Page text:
400 Blows has never met a niche it didn’t dodge. When the noise-rock group crept out of Los Angeles in the late ’90s, its drooling, brain-damaged chaos seemed more obsessed with tearing itself to shreds than bothering with anything else, genres included. And the band seemed to have met its self-destructive quota in 2005, when its last full-length, Angel’s Trumpets And Devil’s Trombones, was released. Six years later—during which time the band’s followers like Pissed Jeans and Big Business have risen to eclipse it—400 Blows has unleashed a new album, Sickness And Health. It’s neither as deliciously raw nor nauseatingly jarring as Angel’s Trumpets. But as comebacks go, it’s solid.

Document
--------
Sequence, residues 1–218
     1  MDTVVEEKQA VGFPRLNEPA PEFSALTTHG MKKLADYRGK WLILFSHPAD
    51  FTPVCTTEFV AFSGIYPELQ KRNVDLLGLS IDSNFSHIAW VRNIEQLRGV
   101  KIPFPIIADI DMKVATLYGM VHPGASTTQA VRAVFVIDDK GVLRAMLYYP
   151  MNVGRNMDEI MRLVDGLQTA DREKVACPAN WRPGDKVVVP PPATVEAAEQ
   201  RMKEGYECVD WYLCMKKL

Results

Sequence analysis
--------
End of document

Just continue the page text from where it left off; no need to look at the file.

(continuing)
As with previous 400 Blows releases, Sickness is rooted in Scott Martin’s contorted riffage. It’s no wonder the guitarist was recently tapped to beef up Big Business; throughout Sickness, Martin overcomes 400 Blows’ lack of bass guitar with a sculpted tangle of distorted sludge and metallic brutality. But frontman Skot Alexander’s snot-choked surrealism squarely resides on the punk side of the aisle, although that alchemy doesn’t fizz and boil over quite the way it used to. Still, the tortured tempos and textured static of tracks like “When The Time Passes Slowly” and “We Killed Like Champions” keep Sickness from being a sprint to the post-AmRep finish line. 400 Blows may still be a misfit among misfits, but Sickness And Health offers proof that the group is long overdue—and perhaps finally ready—for a posse.